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Author Topic: Street camping  (Read 19661 times)

Jammer

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Street camping
« on: December 31, 2009, 08:56:48 PM »
Many people (and many forum members) believe that street camping in any form is a bad idea on safety, public relations, legal compliance, and practical grounds.  I understand this point of view and share it to a large degree.

I would define "street camping" as overnight parking somewhere other than a campground or remote area (Since there are a dozen other threads devoted to Wal-mart, Sam's Club, and other retailers that tacitly encourage camping in their parking lots, we'll leave those places out of this discussion, though).

It is my view that the Class B is most suited to such activities.  Indeed, much of the appeal of the VW Transporter (with or without the Westfalia conversion) to those in the counterculture movement of the 1960s and early 1970s was its potential utility as an ersatz hotel room, providing privacy and basic needs while still blending in with other parked cars well enough to avoid attracting undue attention.

I had an old friend who for many years would go out and whoop it up at the bars on weekends driving his Lesharo, and spend the night in the bar parking lot if he had a few too many.

I had another friend who drive a truck camper to work fairly routinely.  Since he lived quite some distance away, he would spend the night in the parking lot at work (in a suburban office/industrial park) under some circumstances -- icy roads or when he had to work late.

Both these people operated in a sort of gray area: They didn't exactly have official permission of any kind, but people knew who they were and what they were up to and more or less tolerated it (There are various problems places have with formally granting permission -- usually enough HR, legal, and finance people get involved that the paranoia approaches clinically significant levels).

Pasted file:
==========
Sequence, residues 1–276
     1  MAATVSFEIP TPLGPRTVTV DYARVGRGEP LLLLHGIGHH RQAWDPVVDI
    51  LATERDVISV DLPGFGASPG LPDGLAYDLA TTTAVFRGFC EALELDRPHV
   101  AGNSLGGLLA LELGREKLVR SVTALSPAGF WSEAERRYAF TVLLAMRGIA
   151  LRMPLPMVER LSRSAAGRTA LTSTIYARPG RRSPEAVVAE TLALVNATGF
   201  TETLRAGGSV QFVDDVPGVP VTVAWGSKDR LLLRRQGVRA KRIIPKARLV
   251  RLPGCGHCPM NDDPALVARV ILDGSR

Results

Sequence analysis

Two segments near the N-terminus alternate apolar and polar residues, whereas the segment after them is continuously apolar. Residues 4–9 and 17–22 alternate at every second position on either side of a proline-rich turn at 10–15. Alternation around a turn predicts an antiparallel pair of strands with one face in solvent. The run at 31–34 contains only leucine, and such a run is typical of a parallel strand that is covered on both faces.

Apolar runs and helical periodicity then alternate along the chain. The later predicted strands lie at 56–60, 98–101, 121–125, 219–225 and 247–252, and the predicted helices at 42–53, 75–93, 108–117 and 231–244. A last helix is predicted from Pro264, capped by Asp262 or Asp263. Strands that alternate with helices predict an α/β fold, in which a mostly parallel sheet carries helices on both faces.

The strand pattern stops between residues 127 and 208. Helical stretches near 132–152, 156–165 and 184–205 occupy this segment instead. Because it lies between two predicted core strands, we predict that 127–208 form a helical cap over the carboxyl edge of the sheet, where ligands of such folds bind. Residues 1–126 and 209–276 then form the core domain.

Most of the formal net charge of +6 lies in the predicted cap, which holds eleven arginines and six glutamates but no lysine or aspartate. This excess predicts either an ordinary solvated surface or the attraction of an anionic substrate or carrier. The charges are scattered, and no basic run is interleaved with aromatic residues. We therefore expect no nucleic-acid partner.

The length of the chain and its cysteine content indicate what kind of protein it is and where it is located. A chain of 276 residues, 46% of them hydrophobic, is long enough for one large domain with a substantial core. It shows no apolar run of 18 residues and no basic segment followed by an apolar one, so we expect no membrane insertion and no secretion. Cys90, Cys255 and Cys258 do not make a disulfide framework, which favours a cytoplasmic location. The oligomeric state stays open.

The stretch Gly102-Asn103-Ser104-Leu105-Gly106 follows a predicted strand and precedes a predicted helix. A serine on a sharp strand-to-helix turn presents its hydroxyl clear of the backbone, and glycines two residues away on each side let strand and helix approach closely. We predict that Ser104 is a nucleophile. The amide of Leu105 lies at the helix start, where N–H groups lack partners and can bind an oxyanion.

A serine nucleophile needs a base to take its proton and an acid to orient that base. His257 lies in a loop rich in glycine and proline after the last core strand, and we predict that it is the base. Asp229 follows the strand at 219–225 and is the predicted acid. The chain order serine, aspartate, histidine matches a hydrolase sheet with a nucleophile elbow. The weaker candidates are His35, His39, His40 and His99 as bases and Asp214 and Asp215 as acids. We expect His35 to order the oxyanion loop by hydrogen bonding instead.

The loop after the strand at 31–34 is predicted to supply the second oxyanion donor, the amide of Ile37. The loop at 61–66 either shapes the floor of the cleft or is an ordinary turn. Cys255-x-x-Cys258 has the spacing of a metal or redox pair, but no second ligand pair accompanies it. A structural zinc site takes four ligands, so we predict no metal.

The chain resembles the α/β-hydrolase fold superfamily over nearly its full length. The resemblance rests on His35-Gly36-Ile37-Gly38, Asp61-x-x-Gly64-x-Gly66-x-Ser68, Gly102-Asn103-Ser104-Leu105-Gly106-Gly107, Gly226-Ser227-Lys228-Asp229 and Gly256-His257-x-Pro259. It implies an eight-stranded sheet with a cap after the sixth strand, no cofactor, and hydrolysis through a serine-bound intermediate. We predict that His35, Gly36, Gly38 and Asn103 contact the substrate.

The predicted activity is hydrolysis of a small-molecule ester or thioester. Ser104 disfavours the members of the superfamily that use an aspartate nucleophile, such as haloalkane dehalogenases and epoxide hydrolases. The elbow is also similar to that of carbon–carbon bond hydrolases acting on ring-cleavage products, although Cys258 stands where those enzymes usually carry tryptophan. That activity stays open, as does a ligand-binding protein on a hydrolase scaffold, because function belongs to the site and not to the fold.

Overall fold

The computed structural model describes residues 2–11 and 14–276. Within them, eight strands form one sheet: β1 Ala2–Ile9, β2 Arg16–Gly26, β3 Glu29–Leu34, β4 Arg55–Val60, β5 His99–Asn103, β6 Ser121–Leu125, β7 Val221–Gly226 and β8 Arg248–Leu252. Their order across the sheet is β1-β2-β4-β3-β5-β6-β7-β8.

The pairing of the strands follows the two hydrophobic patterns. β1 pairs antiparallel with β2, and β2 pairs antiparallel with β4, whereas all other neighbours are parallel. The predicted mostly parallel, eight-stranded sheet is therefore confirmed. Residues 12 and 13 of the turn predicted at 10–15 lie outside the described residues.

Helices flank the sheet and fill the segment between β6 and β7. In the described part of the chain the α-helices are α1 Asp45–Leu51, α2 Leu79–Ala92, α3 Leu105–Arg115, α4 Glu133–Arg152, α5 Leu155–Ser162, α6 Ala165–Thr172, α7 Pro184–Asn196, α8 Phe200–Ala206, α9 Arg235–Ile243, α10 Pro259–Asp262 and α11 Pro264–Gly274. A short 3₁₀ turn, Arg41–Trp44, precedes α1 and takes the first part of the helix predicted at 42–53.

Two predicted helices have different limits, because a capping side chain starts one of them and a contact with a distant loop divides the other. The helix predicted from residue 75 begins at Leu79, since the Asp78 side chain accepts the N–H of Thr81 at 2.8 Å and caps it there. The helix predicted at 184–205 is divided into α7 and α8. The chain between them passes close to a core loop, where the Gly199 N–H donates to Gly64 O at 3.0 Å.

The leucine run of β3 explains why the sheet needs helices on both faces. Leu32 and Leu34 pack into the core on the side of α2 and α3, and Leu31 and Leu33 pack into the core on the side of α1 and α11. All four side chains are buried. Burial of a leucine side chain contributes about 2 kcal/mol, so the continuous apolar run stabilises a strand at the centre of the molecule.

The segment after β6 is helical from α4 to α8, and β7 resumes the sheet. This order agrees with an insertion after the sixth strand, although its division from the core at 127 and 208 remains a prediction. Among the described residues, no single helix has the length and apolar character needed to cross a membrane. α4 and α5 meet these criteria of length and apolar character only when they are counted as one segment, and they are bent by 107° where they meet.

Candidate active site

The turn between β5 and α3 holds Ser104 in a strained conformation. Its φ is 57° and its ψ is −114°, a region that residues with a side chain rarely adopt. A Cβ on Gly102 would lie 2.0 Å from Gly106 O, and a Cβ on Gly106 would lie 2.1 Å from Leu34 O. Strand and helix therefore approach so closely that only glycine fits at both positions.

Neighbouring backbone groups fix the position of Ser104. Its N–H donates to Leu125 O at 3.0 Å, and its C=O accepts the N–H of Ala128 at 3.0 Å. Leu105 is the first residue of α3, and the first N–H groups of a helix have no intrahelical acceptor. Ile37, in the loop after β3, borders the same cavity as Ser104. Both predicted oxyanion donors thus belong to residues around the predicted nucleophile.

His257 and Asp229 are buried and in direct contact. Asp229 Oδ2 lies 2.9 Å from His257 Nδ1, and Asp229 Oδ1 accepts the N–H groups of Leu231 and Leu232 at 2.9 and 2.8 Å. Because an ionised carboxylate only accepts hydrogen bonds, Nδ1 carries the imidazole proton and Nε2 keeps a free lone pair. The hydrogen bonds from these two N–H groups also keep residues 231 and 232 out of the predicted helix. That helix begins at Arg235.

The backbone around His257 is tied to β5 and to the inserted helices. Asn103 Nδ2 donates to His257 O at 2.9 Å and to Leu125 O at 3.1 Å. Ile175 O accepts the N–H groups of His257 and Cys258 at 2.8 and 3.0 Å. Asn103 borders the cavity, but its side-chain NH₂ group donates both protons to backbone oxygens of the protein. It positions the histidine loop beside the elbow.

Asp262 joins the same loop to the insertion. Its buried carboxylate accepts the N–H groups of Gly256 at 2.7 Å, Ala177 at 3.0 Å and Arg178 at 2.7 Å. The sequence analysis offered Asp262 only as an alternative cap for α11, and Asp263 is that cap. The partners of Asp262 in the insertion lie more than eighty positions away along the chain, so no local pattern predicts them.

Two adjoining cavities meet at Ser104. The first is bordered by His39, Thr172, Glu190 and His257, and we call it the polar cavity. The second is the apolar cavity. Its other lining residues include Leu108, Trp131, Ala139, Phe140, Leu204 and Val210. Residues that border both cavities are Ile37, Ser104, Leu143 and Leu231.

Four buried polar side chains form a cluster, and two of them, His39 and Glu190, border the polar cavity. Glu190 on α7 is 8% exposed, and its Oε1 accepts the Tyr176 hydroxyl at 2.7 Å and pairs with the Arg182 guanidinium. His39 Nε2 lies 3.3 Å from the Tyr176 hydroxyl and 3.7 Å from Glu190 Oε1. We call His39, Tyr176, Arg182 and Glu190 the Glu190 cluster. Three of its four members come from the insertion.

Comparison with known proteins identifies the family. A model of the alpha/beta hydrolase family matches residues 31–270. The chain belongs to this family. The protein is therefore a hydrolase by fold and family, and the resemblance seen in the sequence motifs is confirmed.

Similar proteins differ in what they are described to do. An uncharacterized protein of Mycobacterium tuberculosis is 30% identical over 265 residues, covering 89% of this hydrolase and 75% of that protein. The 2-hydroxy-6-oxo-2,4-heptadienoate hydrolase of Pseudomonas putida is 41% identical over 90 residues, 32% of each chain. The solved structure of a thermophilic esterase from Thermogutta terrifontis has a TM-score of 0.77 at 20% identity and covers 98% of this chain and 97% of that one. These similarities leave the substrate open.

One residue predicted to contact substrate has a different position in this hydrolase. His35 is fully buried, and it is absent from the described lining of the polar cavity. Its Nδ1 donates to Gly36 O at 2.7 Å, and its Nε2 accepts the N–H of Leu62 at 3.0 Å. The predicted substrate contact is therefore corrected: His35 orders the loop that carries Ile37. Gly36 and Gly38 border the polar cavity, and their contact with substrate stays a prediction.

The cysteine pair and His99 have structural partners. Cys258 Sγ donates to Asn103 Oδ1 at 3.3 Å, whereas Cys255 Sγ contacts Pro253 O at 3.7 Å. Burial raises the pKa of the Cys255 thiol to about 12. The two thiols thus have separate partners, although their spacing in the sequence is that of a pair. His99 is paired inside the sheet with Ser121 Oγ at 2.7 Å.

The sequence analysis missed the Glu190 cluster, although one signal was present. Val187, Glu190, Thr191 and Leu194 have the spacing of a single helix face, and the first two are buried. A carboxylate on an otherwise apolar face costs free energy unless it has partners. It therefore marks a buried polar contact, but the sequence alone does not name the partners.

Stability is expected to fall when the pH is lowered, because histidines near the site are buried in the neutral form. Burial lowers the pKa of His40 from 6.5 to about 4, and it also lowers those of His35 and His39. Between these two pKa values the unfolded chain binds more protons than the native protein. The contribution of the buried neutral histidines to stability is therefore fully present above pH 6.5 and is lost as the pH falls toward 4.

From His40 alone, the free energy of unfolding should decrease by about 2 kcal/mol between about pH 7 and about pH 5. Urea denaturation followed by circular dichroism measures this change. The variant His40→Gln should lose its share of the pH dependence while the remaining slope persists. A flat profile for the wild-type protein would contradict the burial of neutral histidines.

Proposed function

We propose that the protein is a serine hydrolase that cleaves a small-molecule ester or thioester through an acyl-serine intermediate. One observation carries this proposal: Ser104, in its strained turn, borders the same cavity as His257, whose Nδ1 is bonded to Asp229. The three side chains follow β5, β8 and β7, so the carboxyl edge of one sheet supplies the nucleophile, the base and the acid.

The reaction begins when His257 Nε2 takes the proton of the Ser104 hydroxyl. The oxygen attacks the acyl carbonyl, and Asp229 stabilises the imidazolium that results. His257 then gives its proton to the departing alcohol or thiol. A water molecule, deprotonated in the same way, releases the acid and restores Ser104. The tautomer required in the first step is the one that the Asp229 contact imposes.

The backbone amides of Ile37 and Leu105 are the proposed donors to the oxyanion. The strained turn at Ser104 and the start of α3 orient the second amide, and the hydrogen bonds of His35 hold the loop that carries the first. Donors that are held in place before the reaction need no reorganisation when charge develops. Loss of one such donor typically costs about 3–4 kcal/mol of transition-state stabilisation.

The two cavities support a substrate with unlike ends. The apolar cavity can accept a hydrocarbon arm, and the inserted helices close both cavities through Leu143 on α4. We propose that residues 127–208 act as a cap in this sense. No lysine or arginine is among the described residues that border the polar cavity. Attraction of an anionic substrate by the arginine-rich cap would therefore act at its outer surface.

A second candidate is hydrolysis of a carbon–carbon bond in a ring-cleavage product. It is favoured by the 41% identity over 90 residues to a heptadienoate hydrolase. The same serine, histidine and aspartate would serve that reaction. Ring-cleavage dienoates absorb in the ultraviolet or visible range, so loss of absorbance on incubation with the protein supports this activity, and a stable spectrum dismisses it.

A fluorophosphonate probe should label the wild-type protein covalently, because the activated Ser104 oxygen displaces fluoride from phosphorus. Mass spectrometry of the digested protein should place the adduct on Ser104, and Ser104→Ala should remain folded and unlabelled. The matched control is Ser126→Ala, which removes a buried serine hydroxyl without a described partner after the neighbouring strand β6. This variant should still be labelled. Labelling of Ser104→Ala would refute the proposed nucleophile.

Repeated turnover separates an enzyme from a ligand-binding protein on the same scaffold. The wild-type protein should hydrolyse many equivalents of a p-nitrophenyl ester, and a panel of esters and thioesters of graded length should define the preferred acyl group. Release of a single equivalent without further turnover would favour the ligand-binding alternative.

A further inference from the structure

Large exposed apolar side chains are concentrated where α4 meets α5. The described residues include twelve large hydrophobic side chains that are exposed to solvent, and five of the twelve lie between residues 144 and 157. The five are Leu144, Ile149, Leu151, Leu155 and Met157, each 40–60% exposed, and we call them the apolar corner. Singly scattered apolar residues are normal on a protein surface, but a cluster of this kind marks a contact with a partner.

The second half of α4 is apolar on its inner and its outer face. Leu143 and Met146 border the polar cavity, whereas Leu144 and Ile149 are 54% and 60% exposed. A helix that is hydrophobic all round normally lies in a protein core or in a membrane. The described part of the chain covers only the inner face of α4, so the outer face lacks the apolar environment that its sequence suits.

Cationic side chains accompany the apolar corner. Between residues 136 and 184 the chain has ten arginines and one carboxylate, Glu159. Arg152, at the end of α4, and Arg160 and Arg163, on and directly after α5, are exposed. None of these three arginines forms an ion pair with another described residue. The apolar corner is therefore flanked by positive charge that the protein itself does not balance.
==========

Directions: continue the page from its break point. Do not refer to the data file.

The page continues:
People who do this sort of thing are not, on the whole, on vacation (though I suppose there are exceptions).  In general they have circumstances that require them to be in an area where campgrounds with amenities are unavailable within a reasonable distance, and they prefer their RV to a hotel.

I'd encourage you all to share your comments or (especially) experiences with this sort of thing.
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Marsha/CA

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Re: Street camping
« Reply #1 on: January 01, 2010, 01:52:01 AM »
If you do a search you will find several prior threads on this subject.

Times have changed.  What was marginal or somewhat acceptable for your friends' situations is more than likely no longer acceptable.  With the economy like it is and with the high rate of foreclosures, families have moved into RVs in order to have a roof over their heads.  Out here in California there seems to be a crack down on allowing RVs of any kind to be parked on the street, or in parking lots whether it's for an overnight or for a week.  Neighbors call the police, police patrol the parking lots and basically it's an unacceptable practice. 

Some RVers who elect to spend the night or the week on the streets or parking lots, often dump their grey water, and possibly their black tanks, down open street drains because they have no other dump areas available.